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  • The timing, dose, composition, and route of nutritional support influence the outcomes of critically ill patients.

  • The gastrointestinal tract plays a pivotal role in the pathogenesis of acute critical illness and may affect its outcomes.

  • Enteral nutrition is preferred to parenteral nutrition in critically ill patients in the absence of severe shock and gastrointestinal contraindications.

  • Early enteral nutrition (within 24-48 hours) using a feeding protocol with gradual increase of the dose to reach the calorie target within 5-7 days is the preferred feeding strategy for most critically ill patients.

  • Parenteral nutrition is indicated if enteral nutrition is not feasible or does not meet calorie targets by the end of the first week of critical illness.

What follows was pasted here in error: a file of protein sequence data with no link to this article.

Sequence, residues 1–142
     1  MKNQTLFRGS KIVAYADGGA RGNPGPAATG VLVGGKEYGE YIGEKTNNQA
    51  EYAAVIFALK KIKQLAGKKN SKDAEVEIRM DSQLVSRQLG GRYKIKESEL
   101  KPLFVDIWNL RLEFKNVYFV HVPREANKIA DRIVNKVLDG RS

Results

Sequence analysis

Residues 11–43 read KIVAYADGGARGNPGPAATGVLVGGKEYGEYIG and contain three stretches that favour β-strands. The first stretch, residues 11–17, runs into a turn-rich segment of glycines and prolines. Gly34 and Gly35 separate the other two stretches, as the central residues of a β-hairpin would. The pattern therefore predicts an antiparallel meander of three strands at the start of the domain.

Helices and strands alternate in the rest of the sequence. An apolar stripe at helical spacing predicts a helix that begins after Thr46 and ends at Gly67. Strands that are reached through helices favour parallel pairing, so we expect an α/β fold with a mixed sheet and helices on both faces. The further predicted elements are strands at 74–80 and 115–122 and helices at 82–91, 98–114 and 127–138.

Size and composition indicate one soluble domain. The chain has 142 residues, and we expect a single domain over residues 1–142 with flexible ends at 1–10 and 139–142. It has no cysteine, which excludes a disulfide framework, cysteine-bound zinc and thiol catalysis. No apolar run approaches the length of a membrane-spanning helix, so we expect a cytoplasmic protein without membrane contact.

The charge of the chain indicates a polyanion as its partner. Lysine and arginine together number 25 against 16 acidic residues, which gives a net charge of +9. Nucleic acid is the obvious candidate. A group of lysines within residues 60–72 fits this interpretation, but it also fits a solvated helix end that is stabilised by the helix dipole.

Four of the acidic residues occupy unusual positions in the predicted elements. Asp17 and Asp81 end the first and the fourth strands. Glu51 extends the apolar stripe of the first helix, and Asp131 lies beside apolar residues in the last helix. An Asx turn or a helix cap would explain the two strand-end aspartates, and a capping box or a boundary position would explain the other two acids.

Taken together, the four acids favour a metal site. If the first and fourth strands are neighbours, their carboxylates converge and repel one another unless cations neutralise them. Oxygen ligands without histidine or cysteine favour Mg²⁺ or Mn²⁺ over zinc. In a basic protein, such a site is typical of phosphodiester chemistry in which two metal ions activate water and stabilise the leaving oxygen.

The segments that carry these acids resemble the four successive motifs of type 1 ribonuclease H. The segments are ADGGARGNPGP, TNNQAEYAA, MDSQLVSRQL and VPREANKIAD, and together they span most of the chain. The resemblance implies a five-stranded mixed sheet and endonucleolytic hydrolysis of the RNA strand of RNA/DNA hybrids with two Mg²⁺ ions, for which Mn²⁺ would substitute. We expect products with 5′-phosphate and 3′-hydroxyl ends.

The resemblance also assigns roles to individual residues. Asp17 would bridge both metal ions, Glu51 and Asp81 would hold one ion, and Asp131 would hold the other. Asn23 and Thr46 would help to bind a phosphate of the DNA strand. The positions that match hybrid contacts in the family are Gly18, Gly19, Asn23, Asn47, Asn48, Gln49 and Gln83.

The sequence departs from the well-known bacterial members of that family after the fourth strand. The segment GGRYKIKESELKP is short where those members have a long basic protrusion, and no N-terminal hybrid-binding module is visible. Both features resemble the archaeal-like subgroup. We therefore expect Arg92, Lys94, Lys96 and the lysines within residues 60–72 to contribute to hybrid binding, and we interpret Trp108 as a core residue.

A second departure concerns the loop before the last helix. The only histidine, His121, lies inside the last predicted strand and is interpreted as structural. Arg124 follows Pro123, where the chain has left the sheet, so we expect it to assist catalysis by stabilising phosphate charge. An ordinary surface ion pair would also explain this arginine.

• Protein intake is an important element of nutritional support with the current evidence favoring higher doses after the acute phase of critical illness.

  • Immunonutrition should not be used routinely. Supplementation of glutamine is indicated in certain patients (burn and trauma cases).

  • Enteral feeding intolerance commonly complicates enteral nutrition. However, the routine monitoring of gastric residual volume does not prevent aspiration pneumonia and does not affect outcome.


Nutritional support is an essential component of the management of the critically ill. In this chapter, we will review the pathophysiologic changes related to nutrition during critical illness, discuss the different nutritional approaches in the intensive care unit (ICU), and present evidence-based nutritional support in critically ill patients. Table 19-1 includes the definitions of selected terms commonly used in critical care nutrition.

TABLE 19-1Definitions of Selected Terms Often Used in Critical Care Nutritiona

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